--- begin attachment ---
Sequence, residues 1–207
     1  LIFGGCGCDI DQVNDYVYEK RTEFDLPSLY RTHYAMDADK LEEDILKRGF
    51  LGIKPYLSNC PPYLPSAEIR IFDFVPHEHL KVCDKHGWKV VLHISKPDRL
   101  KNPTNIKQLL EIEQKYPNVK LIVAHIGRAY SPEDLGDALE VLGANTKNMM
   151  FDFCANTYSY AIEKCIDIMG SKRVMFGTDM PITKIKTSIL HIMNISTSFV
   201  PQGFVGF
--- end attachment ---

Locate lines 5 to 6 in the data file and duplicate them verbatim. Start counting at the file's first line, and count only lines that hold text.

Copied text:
   151  FDFCANTYSY AIEKCIDIMG SKRVMFGTDM PITKIKTSIL HIMNISTSFV
   201  PQGFVGF